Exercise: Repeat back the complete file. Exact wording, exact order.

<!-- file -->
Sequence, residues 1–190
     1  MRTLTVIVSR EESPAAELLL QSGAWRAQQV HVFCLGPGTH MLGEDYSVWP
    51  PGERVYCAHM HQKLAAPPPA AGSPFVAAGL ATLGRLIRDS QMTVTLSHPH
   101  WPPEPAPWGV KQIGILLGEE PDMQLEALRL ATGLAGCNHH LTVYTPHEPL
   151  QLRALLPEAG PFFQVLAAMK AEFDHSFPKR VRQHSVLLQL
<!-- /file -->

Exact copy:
Sequence, residues 1–190
     1  MRTLTVIVSR EESPAAELLL QSGAWRAQQV HVFCLGPGTH MLGEDYSVWP
    51  PGERVYCAHM HQKLAAPPPA AGSPFVAAGL ATLGRLIRDS QMTVTLSHPH
   101  WPPEPAPWGV KQIGILLGEE PDMQLEALRL ATGLAGCNHH LTVYTPHEPL
   151  QLRALLPEAG PFFQVLAAMK AEFDHSFPKR VRQHSVLLQL